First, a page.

sp_configure 'remote admin connections', 1

To use the DAC, in the SSMS connection window prefix the name of the server with “admin:”


You can’t connect using Object Explorer because it only allows one thread so you must use the Query Window Only

Only one use one admin connection at a time can use the DAC so if another DBA tries to connect using the admin option they will get an error

Also, you should only run simple, quick queries using the DAC.

If you are connecting remotely you many need to get firewall ports opened as well, depending on your environment.
This will probably be port 1434, but that will vary depending on your configuration.

SQLcmd also supports DAC
Sqlcmd – A

Check that you can use the DAC before you need to use it for real and that you have handy whatever admin scripts you require because, remember, you can’t use object explorer to help you diagnose your problem instance.

Monday, 7 April 2014

SQL Saturday Exeter

A couple weeks back was the second SQL Saturday to be held in Exeter. Although I wasn’t speaking this time, my friend, colleague and fellow contributor to this blog, David Postlethwaite was making his full speaking debut delivering a session entitle “Real DBAs Don’t need a GUI” it was a look at all the features of SQL Server Management Studio that you may not know existed. Unfortunately I was poorly on the day of the event and couldn’t make the session, but David did rehearse his talk with me and it went very well. It seems that his audience agreed and everyone seemed to give him positive feedback. It seems that the whole day was pretty successful and hopefully there will be another SQL Saturday in Exeter next year.

It seems David has caught the speaking bug so to speak. He has come back from Exeter and is keen to expand on this experience. He has put together two further talks. One on Oracle for the SQL Server DBA and another one called “Taming the Beast – How a SQL DBA can keep Kerberos under control.” He has submitted these sessions along with his SSMS talk to several SQL Saturdays around Europe.


If you are organising a SQL Saturday event and you have seen that David has submitted a session then maybe, just maybe, you can invite him along and he can show you how to “tame the beast” :D

Following on from David’s talk on SSMS, he was not able to cover everything in the 50 minute slot so he has kindly put together some blog posts covering the material and topics he was not able to get to during his talk. These will be published over the next few weeks, so stay tuned for more SSMS goodness from David P.

Monday, 13 January 2014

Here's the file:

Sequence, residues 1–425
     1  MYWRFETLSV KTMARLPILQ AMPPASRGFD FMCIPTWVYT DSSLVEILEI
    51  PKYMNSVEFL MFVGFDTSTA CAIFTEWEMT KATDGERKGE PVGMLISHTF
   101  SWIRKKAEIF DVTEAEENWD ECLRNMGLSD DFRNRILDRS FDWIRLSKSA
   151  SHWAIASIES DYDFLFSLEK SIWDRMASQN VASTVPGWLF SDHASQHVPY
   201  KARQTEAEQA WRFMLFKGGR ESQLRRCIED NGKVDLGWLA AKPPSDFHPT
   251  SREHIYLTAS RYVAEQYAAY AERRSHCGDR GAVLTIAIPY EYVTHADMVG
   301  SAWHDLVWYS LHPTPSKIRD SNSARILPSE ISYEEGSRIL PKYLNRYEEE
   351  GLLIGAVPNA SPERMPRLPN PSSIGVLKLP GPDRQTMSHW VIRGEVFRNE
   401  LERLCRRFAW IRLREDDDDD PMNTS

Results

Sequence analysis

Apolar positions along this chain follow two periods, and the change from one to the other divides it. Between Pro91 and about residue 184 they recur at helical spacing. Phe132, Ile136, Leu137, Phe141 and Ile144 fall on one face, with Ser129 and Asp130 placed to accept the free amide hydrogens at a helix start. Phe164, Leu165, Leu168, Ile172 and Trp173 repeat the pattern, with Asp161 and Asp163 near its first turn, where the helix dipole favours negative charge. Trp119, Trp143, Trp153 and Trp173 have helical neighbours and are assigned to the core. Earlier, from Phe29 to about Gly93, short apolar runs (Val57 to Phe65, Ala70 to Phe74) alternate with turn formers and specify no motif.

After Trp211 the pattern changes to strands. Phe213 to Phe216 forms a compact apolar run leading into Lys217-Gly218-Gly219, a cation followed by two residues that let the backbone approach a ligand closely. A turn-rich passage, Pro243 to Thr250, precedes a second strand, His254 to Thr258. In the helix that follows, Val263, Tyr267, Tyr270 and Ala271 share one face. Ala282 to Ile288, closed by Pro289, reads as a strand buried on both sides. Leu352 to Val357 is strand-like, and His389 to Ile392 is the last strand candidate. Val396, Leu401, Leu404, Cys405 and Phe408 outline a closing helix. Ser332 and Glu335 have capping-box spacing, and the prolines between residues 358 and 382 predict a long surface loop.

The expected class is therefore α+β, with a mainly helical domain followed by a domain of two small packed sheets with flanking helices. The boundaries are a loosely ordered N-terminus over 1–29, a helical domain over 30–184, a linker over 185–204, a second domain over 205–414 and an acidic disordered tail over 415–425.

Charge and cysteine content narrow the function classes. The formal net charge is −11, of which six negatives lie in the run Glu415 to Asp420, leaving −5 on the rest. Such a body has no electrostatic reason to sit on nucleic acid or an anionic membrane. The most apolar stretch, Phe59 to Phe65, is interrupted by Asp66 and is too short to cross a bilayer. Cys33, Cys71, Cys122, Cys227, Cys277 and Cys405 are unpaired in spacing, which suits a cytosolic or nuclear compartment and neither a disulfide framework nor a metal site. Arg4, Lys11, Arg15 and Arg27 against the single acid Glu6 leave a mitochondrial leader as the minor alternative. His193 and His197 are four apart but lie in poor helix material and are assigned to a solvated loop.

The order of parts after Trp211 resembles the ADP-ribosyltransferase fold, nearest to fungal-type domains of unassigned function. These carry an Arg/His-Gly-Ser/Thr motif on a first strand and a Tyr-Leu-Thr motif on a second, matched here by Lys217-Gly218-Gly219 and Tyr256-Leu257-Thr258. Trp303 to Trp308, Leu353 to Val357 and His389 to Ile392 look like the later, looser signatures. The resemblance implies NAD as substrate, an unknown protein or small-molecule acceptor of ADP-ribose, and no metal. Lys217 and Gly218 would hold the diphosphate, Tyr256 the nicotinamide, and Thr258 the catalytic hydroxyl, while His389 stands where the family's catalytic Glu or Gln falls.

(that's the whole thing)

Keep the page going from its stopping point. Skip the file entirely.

SQL Server 2012 and Virtual Service Accounts

This post is written by David Postlethwaite
If you are using SQL Server 2012 you will probably have noticed that the default account for the SQL services has changed from that used in previous versions. With SQL 2005 and 2008 the default account for SQL service and SQL Agent service was “NT Authority\System”. This is one the built in accounts on a Windows machine, managed by the machine and selectable from a dedicated dropdown list
The Network Service account was introduced in Windows 2003 as an alternative to using the LocalSystem account, which has full local system privileges on the local machine, a major security concern.
The Network Service has limited local privileges easing these security concerns but when many services on a machine use the Network Service account it becomes harder to track which service is actually accessing resources and performing actions, because all the services are using the one Network Service account.
Also, this account, by default, has sysadmin permissions on your instance.
Most people change their service accounts to a local or domain account with limited permissions. This introduces another security problem in that this account has a password that could be hacked and used to launch some sort of attack. Changing the password of a service account regularly can be problematic though programs like Secret Server can alleviate this (
To try and resolve some of these problems Windows 2008 R2 and above introduced a new type of account called a virtual account
Virtual accounts emulate creating many unique instances of the Network Service account, so each service runs with its own instance of the Network Service account. These unique instances of Network Service make auditing and tracking much easier.
You won’t find these virtual accounts listed in Local Users and Groups or Active Directory Users, they cannot be created, deleted, or edited and you can’t change their password. They are not in the built in account list and you won’t find them if you browse for an account.
When you install SQL 2012 on Windows Server 2008 R2 or Windows 7 and later you’ll see the services run with virtual service accounts named like:
NT Service\MSSQLSERVER or NT Service\MSSQL$<Instance Name>
NT Service\SQLSERVERAGENT or NT Service\SQLAGENT$<Instance Name>
If you change your service account and later want to switch back to using the virtual account you have to type the name in yourself since, because it doesn’t really exist anywhere, you can’t use the browse option to find it.
You also don’t know the password so you can’t type that into the appropriate box. If you do it will tell you it’s wrong. But if you leave the password fields blank and click Apply then Windows will apply the correct password for you and give the virtual account “login as a service” permissions.
One drawback of a virtual account is that it only has permissions to the local machine. If your SQL Server requires access to a network share or something on another machine then you will have to revert to a domain account.
But overall, virtual service accounts are a step in the right direction in securing our databases from attack.
More information can be found at